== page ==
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MGT 216 Week 5 PowerPoint Presentation

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What is business ethics?
There are many different definitions of business ethics. In general, the term is used to
mean a form of applied ethics in which a system of ethics and morality is applied in the business
world. The exact application of business ethics will differ from organization to organization, and
place to place. Different organizations deal with different stakeholders, different clients and
customers, and different dimensions of the work world, industry, and market. The way business
ethics must be applied is determined by the nature, mission, purpose and goals of a given
company. The universal purpose of business ethics is to ensure that companies treat their
workers, partners, clients, and any other involved shareholders or stakeholders with ethical and
moral integrity. Business ethics used to be taken for granted and assumed, almost as an
extension of the personal ethics of those involved in the business. In more recent years,
however, following different issues including the 2001 Enron scandal, individuals and businesses
have focused more on analyzing and formalizing business ethics (cf WiseGeek, retrieved 2010).
A Model Organization: Integral business ethics in terms of social issues, legal issues, and
profit.
Taking a fictitious restaurant food supply organization called The Ultimate Deal, as an
organization that serves as a model of business ethics, the practical implications of business
ethics can be explained. The Ultimate Deal, as a restaurant supply organization, deals with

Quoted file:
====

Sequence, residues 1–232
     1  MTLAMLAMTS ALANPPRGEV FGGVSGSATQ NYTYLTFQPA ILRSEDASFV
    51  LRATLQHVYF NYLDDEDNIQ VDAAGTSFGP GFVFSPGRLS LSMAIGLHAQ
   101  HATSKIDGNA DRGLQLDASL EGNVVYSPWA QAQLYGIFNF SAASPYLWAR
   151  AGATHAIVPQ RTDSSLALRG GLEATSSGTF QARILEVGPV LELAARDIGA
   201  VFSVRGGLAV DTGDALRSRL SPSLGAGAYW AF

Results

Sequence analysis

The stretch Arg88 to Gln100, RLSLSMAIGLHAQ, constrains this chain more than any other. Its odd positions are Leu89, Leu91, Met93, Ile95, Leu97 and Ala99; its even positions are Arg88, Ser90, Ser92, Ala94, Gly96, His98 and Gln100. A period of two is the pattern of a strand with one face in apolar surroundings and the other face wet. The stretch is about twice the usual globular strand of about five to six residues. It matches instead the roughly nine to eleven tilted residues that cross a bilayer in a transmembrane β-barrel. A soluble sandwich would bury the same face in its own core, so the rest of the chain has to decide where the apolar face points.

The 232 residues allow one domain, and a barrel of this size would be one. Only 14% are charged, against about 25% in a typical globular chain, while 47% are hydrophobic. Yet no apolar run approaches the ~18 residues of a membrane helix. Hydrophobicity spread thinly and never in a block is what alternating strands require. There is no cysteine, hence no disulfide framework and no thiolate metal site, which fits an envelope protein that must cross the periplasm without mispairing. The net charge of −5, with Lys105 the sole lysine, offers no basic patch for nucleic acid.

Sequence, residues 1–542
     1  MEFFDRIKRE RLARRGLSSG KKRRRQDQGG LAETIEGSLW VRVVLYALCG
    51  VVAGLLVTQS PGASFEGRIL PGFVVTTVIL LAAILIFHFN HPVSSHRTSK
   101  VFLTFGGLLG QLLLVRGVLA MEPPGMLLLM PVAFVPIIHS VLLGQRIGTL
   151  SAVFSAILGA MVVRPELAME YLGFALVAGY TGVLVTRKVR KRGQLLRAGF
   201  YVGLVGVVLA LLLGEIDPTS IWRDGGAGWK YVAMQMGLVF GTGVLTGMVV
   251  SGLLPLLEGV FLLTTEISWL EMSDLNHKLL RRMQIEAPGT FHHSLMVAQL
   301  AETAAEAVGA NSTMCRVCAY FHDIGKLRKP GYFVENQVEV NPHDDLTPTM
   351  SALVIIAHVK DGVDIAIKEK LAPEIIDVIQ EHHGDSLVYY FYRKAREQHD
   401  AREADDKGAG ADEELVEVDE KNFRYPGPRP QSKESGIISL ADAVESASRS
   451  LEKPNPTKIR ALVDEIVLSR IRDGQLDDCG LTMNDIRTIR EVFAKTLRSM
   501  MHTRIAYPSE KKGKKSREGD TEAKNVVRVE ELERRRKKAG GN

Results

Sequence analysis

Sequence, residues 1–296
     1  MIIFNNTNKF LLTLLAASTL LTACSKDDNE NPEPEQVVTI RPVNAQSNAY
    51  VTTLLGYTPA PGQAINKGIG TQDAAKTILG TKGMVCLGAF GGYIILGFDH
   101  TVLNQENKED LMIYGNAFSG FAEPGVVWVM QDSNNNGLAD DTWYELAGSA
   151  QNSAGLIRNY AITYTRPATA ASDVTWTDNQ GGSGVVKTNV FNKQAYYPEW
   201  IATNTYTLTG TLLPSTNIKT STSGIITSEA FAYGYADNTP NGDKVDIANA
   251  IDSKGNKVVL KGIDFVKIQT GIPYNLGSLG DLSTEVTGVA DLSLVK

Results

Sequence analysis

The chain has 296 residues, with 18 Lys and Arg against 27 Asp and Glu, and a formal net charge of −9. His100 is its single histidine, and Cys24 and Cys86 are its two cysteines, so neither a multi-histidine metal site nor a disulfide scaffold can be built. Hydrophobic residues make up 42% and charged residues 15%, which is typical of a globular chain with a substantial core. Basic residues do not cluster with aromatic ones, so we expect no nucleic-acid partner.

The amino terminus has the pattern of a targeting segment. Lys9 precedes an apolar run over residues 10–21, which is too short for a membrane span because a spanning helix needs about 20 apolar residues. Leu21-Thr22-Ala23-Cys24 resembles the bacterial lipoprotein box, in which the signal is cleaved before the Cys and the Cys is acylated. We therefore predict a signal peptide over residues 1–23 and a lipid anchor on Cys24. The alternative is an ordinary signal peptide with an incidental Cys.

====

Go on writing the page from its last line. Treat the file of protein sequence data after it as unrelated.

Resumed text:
several different organizations and stakeholders. It has its clients – the restaurants. It also has its
own suppliers – the butchers and farmers that work together with it. The organization has its
own employees, and the executive board. It also has its main investors, and other minor
shareholders. Ethics must be applied in the organizations dealings with all of these stakeholders.

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The organization must balance and merge honest business ethics with its other social and legal
realities. Ultimately, the organization exists for profit. There are times when dealing unethically,
lying, for example, about the quality of the meat sold in order to raise the price, will reap greater
profit than the negative consequences – law suit and fine – of the unethical behavior. In a model
organization of business ethics, such as The Ultimate Deal, the ethics must come first.
Ethics should not be seen as a challenge to profit, but should be balanced with profit.
Such an organization, instead of lying to one stakeholder, such as its customers, to make extra
profit, can market itself in the name of business ethics, and gain the same profit and support from
a legitimate source – integrity – rather than through dishonesty. At the same time, in order to
balance ethics with the companies social responsibility to live up to its name and identity, its
economic responsibility to make profit, and its legal responsibility to comply with existing laws,
tax systems, etc., the organization should make sure it doesn’t over commit or aim to high. A
company that commits or sells itself at a standard that cannot be met by its means places itself in
a situation where it either faces social and economic failure because it can’t live up to what it has
advertised, or it resorts to unethical business behavior.
The Ultimate Deal is able to balance these issues by careful and self-analysis, realistic
projection, and honest advertising. Before committing to something or advertizing a certain
quality of product for a certain price, the company reviews its budget and resources, weighs the
amount of initial investment needed, and compares it with the expected profit. If the investment
costs far more than the expected profit, the company doesn’t proceed with the plan. If, on the
other hand, profit is expected to exceed investment, the company proceeds. It does not, however,

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Anonymous
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